Harry Finkelstein: Centenarian — Why I no longer believe in God
By Harry Finkelstein
I am a centenarian who has evolved from someone who was a devout believer in the existence of a supreme being to someone who became a dubious believer and who is now a denier. I mention my age only to highlight that these changes have evolved over a number of years.
My current belief — or rather nonbelief — is based on a number of axioms that to many people are as incontrovertible as the mathematical axiom that a straight line is the shortest distance between two points. If I could be convinced that these axioms are true, I would agree that there is a God. But they are not true.
Axiom 1: “Good people are rewarded, and evil people are punished.”
If there were a God, why would this not be true? But one does not have to have lived 100 years to know otherwise. There are good people who have had miserable lives, and evil people who have flourished. It is true that many good people are blessed, and some evil people punished, but “some” does not mean “all” or even a significant number.
Axiom 2: “The apple does not fall far from the tree.”
Good people should be blessed with happy, healthy, accomplished children. The fact is that sometimes they are and sometimes they are not. It is equally true that evil people may or may not have happy, healthy, accomplished children. While I have no statistics that either support or disprove this, it should be obvious that not every good person is rewarded with model children, and not every evil person is cursed with children who dishonor them. These blessings, or lack thereof, appear to occur randomly.
Axiom 3: “The bounties of nature should be distributed fairly evenly throughout the world.”
Again, this axiom is insupportable. The United States is blessed with acres and acres of golden grain from sea to shining sea, while many Africans are dying from drought and starvation. Why is obesity a significant health problem in the United States, while hunger is the norm in other nations? And why do so many children enjoy all the nourishment they require while other children go to bed with empty stomachs and empty dreams? In other words, why would God favor some nations with a superfluity of the Earth’s blessings while depriving others of enough food or even enough clean water for survival? Why is there such a disparity in the life expectancy of populations in various parts of the world? Why would God favor some people over others?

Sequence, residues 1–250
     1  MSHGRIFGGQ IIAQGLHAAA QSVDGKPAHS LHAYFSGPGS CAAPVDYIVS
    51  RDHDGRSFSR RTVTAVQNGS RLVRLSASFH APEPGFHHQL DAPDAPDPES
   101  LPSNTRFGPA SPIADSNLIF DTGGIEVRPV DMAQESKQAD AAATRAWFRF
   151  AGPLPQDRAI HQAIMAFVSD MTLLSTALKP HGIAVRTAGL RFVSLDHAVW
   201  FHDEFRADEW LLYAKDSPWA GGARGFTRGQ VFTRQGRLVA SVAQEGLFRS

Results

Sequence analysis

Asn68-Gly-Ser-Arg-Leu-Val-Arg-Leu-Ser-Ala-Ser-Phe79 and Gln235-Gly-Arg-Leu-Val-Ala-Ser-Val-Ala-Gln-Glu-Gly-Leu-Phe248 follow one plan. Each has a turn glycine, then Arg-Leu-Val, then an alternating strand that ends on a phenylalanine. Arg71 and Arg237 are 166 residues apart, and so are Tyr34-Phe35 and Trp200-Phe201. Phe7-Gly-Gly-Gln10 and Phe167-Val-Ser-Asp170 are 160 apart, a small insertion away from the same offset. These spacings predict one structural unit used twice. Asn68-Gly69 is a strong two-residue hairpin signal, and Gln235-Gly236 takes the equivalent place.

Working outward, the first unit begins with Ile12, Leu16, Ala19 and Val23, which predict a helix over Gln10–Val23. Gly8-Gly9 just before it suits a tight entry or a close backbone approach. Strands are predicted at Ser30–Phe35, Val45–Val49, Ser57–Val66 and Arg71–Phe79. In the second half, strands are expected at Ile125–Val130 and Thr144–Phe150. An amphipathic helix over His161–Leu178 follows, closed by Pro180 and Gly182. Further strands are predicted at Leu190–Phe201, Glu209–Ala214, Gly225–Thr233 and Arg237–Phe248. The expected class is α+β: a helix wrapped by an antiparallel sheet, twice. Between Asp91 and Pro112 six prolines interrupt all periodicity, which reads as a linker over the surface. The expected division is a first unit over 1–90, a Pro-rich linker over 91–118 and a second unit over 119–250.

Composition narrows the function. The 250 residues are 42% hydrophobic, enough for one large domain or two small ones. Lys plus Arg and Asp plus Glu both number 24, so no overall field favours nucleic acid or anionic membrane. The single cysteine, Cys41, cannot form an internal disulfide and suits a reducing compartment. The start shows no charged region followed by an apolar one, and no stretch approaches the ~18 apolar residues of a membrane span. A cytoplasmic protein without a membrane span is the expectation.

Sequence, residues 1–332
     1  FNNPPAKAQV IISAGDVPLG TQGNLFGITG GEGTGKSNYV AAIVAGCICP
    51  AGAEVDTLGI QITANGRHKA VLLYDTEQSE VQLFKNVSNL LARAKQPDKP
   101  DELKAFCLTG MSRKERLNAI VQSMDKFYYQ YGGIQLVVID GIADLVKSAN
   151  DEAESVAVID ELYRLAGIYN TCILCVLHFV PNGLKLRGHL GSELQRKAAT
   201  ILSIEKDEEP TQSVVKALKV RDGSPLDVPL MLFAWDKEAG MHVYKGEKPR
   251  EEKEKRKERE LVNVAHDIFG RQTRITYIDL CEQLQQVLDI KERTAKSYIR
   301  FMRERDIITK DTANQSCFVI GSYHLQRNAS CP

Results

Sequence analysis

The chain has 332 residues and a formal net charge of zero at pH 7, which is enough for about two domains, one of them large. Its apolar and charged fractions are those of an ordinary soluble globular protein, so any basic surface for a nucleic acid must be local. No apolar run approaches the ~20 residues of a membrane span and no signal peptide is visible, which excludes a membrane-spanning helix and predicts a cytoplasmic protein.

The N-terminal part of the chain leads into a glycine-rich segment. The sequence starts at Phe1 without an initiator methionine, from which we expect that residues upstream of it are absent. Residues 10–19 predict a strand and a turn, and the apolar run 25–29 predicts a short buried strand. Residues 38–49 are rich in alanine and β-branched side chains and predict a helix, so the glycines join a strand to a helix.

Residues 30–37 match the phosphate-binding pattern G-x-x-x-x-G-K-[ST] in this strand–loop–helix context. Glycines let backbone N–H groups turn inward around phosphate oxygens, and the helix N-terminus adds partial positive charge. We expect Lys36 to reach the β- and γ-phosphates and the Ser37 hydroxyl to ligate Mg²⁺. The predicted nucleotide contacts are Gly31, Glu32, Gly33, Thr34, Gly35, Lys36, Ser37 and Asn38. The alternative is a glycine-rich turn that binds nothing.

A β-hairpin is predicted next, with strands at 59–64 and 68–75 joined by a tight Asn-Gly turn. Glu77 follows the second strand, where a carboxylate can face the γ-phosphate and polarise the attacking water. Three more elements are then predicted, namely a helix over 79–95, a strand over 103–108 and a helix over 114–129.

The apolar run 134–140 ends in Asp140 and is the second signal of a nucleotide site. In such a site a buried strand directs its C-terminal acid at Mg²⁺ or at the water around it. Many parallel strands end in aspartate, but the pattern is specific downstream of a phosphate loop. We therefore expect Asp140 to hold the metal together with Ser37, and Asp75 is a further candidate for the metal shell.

Axiom 4: In any conflict, “God is on our side.”
We may have prevailed during two world wars because “God is on our side,” but the United Sates armed forces alone suffered about 400,000 deaths during World War II. If God were instrumental in our victory, couldn’t he have accomplished it without so much death and destruction? If God were on our side, why did we have to incinerate so many innocent Japanese noncombatants with nuclear bombs? And if God were on our side, couldn’t he have eliminated Hitler and his cohorts without the need for war?
Axiom 5: “You reap what you sow.”
Never-ending life is an oxymoron. No one lives forever, and if we did, the world eventually would run out of the resources needed to sustain life. I’m not sure about taxes, but death is inevitable.
But why do some people live to a ripe old age, generally free of debilitating disease or injury, while others die a painful death at comparatively early ages? More specifically, why would an omnipotent God not have eliminated cancer?
Axiom 6: “God moves in mysterious way, his wonders to perform.”
The Holocaust. Why?
It must be comforting to believe that there is a supreme power ruling the universe, that the fate of nations and their inhabitants does not depend on the whims of nature and imperfect people. Even when I see the casualties of war, famine, pestilence and all the ills that mortals are heir to, I would like to believe in God.
But I can’t.
Harry Finkelstein is a retired federal employee living in Maryland.